There is nothing dangerous or threatening in Madagascar. On mainland African safaris you have to stay in a vehicle, because lions will eat you and hippos will trample you and rhinos and buffalo will charge. In Madagascar, the animals will only look at you with wide-eyed wonder. In most of Africa there are poisonous snakes and frightening scorpions, but in Madagascar there is nothing venomous. The Malagasy are the nicest people in the world, thrilled that you have come so far to visit. You go there for the lemurs, the island’s odd primates, who are shy and mild but untroubled by your visit, and the people are the same. There’s something miniature and unspoiled about life in Madagascar.
The world’s fourth-largest island is another Galápagos, called by some ecologists "the eighth continent." It broke off from Africa’s eastern coast some 160 million years ago and developed in isolation; 80 percent of Malagasy plants and animals are endemic, and it rivals Brazil in its biodiversity. The bizarre flora and fauna seem to be the result of a mad collaboration among Dr. Seuss, Jim Henson, and God. Humans have been here for only 2,000 years, and though they have eliminated some species, they haven’t dominated nature; there’s simply too much of it and too few of them. The biologists who work in Madagascar are passionately devoted. Alison Richard, vice chancellor of the University of Cambridge (the de facto university president; Prince Philip is chancellor), goes every year to sustain her lemur research despite being the busiest person in England. Russ Mittermeier, the president of Conservation International, found time when not administering one of the world’s largest conservation organizations to write Lemurs of Madagascar, and he visits every few months.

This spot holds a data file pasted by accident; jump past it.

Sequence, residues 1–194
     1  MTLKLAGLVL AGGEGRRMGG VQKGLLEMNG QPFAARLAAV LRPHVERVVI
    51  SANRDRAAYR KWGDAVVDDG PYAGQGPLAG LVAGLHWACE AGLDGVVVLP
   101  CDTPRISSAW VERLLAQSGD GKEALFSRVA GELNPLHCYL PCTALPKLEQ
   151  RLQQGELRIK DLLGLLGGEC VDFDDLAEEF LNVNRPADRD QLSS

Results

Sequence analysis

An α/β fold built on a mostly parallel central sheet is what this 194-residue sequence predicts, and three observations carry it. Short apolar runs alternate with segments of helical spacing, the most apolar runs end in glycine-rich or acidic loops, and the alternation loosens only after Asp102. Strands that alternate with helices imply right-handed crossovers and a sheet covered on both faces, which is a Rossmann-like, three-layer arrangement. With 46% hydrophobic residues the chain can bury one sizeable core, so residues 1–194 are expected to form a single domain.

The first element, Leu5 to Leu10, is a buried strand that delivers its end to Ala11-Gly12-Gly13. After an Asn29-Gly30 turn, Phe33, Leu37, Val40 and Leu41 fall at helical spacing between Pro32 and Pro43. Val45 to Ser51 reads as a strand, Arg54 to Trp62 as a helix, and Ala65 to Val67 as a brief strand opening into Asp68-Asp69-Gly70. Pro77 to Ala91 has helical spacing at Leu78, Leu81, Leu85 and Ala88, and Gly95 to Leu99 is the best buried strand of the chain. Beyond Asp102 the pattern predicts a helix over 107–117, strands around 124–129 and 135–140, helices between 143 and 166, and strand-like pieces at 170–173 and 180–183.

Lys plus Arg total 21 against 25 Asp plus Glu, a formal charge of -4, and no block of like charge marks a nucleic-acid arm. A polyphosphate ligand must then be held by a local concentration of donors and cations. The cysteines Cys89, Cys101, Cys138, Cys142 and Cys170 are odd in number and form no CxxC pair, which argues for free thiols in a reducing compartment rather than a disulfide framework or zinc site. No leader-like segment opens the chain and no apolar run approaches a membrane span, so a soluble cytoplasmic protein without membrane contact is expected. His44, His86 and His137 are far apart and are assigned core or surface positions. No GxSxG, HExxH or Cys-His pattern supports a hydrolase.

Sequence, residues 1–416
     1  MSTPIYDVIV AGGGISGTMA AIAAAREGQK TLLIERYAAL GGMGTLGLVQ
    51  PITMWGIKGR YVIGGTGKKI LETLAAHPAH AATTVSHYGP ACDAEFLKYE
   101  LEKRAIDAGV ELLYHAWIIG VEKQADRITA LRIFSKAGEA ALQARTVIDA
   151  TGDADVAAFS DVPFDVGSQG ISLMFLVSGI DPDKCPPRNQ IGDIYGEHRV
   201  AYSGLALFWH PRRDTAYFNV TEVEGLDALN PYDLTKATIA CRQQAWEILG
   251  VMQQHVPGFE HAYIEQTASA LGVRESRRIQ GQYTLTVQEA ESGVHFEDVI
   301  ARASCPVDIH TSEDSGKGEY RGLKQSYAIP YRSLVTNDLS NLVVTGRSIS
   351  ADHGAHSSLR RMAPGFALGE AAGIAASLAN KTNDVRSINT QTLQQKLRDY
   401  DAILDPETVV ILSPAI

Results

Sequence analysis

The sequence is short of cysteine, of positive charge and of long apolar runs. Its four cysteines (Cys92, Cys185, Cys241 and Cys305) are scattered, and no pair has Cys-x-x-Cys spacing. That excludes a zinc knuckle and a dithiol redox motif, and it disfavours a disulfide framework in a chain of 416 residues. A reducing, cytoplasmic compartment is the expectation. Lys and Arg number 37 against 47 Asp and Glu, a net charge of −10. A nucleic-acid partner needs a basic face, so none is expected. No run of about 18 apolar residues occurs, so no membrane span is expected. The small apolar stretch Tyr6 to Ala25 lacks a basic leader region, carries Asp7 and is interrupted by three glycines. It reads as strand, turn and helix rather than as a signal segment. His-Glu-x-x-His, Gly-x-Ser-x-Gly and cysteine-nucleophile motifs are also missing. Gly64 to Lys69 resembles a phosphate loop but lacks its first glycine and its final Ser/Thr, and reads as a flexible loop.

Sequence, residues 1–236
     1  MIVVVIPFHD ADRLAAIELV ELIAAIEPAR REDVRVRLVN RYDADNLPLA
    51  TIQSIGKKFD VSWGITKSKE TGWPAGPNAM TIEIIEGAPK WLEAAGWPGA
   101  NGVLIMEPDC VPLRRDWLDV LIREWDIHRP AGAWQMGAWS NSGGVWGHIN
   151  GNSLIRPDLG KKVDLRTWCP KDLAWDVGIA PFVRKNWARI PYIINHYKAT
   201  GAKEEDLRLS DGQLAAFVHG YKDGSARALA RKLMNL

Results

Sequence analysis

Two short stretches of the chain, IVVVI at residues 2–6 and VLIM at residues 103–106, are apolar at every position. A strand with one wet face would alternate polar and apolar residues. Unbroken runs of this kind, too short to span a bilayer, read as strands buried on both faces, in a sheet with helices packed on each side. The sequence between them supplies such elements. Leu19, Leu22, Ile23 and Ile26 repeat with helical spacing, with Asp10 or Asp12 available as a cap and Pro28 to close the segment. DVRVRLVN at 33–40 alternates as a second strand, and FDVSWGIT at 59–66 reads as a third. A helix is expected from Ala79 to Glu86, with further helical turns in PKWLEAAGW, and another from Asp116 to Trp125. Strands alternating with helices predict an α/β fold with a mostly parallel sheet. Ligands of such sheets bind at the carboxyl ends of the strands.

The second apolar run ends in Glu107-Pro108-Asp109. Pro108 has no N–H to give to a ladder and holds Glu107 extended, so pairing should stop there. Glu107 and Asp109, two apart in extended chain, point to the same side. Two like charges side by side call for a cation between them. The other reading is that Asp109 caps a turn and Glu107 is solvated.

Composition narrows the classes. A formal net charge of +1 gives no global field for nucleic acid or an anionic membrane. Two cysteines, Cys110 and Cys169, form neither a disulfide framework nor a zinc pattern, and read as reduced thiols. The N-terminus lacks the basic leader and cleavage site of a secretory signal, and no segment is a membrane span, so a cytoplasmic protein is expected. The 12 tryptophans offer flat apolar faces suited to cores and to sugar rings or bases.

A friend with whom I was traveling had been in touch with Russ, and he escorted us our first day, supplementing the excellent advice from the staff at Explore, Inc., the friendly and very capable Colorado-based safari company that arranged our trip. We flew from Antananarivo, the capital—known for short as Tana—to Diégo-Suarez, at the northern tip of the island, and checked into the nearby Domaine de Fontenay, a simple but lovely hotel run by a couple who do the superb cooking themselves. Russ took us for a walk in Montagne d’Ambre National Park, and we saw a number of Sanford’s lemurs. Russ has introduced the bird-watching idea of making a primate life list, and got us interested in cataloguing the species we saw; by the end of the trip, we were up to 22 kinds of lemurs. I had not expected to get excited about lizards, but Russ helped find a Brookesia minima chameleon, one of the smallest vertebrates on earth, which lives only on Madagascar and does not survive well in captivity. It was perfectly formed and less than an inch long, including its tail. It could (and did) perch on the tip of my thumb very comfortably, with room to strut up and down. Then we saw other chameleons of various shapes and sizes and colors, and Russ was very game about picking them up; they wandered up and down our arms and legs—the biggest was 16 inches long. They were amazing colors, with tails that rolled up like fiddlehead ferns.
That night, using flashlights, we went for a walk through a private reserve attached to the hotel. We saw nocturnal sportive and mouse and dwarf lemurs whose eyes glow back when you shine a beam at them, like reflective strips at the edges of roads, and we saw all kinds of geckos and chameleons, including the leaf-tailed gecko, whose huge tail resembles a mottled brown frond. We saw a moth that looked like a sample of Florentine paper, and another that seemed to be made of translucent moiré. The area had not been explored much by night, and there were astonishing variants of known lizards. Russ showed us what made them distinct and proposed that one was a new species and that we were the first to record it. I felt like Darwin. Madagascar has so many creatures that don’t exist elsewhere that it’s hard to keep track, especially because parts of the island are only semi-explored. New species are found regularly, and some that were supposed extinct have been rediscovered. "The taxonomy of dwarf lemurs is a disgraceful mess," Russ said.